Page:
The join sel option indicates the work mode of multi-join, 0 for normal hash join, 1 for semi-join and 2 for anti-join.


The 3-columns input data are scanned in via 3x 256-bit AXI ports. However, only 1x 512-bit AXI port is employed to output (up to_ 4 cols data. When the resulting data are huge, the write out module performance would decrease the kernel performance.


Directly bypass is supported by configuring the join kernel to probe mode. Then the kernel works as a filtering kernel. All data will go through the “channel merge” path in the kernel structure figure shown on the top.

The hardware resource utilization of join kernel is shown in the table below (work at 180MHz).

Module LUT LUT as memory Register BRAM36 URAM DSP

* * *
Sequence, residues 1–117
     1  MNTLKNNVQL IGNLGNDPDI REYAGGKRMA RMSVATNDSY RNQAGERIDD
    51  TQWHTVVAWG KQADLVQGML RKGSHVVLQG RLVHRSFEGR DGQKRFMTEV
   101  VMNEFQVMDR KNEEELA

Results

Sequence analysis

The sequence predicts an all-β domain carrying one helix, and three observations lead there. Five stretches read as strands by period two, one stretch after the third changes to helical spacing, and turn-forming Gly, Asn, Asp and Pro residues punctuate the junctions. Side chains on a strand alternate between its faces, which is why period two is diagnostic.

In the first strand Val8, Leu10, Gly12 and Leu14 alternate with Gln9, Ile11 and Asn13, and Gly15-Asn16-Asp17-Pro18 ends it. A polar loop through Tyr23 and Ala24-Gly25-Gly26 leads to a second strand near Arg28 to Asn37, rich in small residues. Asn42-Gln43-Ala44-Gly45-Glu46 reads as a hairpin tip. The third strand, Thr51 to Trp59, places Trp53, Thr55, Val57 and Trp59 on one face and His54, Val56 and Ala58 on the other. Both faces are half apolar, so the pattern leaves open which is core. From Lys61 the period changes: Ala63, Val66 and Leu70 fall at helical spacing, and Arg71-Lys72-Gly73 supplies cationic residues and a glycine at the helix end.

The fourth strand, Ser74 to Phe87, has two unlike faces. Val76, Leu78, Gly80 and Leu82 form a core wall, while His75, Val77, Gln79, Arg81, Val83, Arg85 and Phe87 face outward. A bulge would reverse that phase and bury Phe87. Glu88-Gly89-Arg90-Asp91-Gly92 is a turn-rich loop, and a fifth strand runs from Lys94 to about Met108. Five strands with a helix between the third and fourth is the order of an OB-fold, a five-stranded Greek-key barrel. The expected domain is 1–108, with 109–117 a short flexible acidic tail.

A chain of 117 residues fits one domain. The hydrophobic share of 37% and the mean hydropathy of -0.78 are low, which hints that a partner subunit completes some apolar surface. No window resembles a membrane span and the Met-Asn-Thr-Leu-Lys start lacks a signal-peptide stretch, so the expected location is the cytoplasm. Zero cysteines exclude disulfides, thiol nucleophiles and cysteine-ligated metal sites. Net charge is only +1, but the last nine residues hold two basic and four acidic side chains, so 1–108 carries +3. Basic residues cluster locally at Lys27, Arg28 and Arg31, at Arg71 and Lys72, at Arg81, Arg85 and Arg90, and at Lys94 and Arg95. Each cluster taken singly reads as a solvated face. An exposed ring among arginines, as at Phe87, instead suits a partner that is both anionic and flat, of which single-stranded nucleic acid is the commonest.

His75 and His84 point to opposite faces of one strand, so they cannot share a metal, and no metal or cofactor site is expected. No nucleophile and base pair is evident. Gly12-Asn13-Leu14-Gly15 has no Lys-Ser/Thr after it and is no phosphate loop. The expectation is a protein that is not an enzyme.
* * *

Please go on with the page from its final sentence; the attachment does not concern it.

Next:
AXI adapters 53546 23316 79997 156.5 0 0
Scan 8402 931 10032 1 0 0
Filter 20496 3936 12629 0 0 0
crossbar 4-to-8 7166 729 11653 0 0 0
join (BF) 12375 2659 15272 9.5 24 12
collect 8-to-1 608 0 2110 0 0 0
Write 7687 8 6738 30 0 0
Total 110280 31579 138431 197 24 12

Bloom-Filter Kernel

The bloom-filter is a space-efficient probabilistic data structure that is used to test whether an element is a member of a set. False positive matches are possible, but false negatives are not - in other words, a query returns either “possibly in set” or “definitely not in set”. (from Wikipedia)

The GQE Bloom-Filter kernel is an HLS kernel implementation that fully utilizes the high bandwidth feature of HBM to accelerate the query (probe-only) ability and expands the capacity as large as possible at the same time.

The GQE Bloom-Filter kernel also shares the same framework as GQE Join. Thus, the input key and payload should be 64-bit width, and 1 or 2 key column(s) plus 1 playoad column is allowed to be applied to the kernel. In addition, the bloom-filter and join functionality selection is controlled by kernel command bit config[0][1], where bloom-filter is enabled by setting the corresponding bit to 1.